Honestly, back in the nineties I only really knew L7 from their single ‘Pretend We’re Dead’ and from the song ‘Shitlist,’ which got featured in Oliver Stone’s Natural Born Killers. I liked both songs, but never really got round to checking them out. And while watching the band’s tell-all documentary, I get the impression I wasn’t the only one that missed out.
Comprised of Donita Sparks, Jennifer Finch, Suzi Gardner and Dee Plakas, L7 seemed to be headed for the same kind of greatness as a lot of the other bands that came up in the early 90ies. They graced the cover of all the magazines, played Lollapalooza and were backed by a major label. Yet somehow they never quite broke the mainstream and ultimately called it a day after their final album didn’t do much of anything. They did however release some badass albums that I didn’t get round to listening to until years later and heavily inspired the Riot Grrrl movement while they were at it.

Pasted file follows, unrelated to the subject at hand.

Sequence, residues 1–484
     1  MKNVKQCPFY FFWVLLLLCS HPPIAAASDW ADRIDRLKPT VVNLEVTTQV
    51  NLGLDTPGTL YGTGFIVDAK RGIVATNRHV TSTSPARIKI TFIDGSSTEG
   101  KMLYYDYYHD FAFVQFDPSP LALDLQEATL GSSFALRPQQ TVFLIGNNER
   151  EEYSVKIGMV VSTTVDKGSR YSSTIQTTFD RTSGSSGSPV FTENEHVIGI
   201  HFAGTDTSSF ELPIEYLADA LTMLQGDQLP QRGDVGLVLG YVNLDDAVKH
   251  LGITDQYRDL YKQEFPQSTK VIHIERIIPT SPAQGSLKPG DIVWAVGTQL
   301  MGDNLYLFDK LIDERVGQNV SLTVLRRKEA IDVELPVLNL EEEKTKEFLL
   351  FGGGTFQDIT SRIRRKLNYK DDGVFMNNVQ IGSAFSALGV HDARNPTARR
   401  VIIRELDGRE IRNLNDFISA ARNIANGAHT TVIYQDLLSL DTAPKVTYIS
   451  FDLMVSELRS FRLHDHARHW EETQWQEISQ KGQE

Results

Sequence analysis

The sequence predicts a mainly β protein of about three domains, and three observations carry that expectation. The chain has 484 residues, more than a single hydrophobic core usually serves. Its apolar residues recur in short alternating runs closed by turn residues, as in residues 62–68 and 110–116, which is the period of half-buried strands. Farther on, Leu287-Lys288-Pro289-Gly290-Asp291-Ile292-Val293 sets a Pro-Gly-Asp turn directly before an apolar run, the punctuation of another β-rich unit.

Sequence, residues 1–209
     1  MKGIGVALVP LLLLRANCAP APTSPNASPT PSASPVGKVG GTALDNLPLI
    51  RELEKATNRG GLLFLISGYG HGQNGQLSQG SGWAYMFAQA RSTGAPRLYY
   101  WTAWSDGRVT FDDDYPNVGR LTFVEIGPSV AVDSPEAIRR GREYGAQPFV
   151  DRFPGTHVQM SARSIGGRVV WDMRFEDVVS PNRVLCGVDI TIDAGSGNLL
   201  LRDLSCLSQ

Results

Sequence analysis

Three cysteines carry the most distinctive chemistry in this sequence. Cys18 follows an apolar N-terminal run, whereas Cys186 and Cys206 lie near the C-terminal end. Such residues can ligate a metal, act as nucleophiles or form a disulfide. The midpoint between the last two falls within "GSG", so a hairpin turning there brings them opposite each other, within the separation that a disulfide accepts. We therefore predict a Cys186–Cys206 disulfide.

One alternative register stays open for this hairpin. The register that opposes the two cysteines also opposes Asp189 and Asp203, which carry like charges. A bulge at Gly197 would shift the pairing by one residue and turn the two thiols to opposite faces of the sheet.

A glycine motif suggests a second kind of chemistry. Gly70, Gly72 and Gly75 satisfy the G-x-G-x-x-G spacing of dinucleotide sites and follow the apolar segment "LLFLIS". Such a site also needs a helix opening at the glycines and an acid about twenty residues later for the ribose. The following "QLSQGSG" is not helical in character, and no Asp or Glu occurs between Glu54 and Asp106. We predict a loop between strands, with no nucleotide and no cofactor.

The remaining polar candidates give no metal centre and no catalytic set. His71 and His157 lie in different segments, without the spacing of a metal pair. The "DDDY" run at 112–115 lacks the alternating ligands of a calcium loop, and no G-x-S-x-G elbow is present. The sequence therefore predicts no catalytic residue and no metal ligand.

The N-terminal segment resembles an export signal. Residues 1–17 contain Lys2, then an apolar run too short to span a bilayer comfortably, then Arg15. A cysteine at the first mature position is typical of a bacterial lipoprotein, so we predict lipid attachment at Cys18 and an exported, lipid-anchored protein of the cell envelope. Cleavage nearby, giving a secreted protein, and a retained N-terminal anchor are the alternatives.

Directed by Sarah Price (The Yes Men, Summercamp!), Pretend We’re Dead chronicles the band’s career, from their formation in LA in 1985 through all the tours and six albums up until their break-up in 2001. And it does so with never-before-seen home videos and performance footage and interviews with not just L7, but also Garbage’s Shirley Manson, Nirvana’s Krist Novoselic, producer Butch Vig, Joan Jett, X’s Exene Cervenka, The Donnas’ Allison Robertson, and Veruca Salt’s Louise Post. Price did an awesome job, combing through countless hours of footage and ending up with an honest documentary that takes you through both the band’s highs and lows.
Not sure if the documentary had anything to do with it, but the band reformed in 2016 and has since played a string of sold out shows and have also released their first new song in 18 years with ‘Dispatch from Mar-a-Lago’. Here’s to hoping they will keep on going!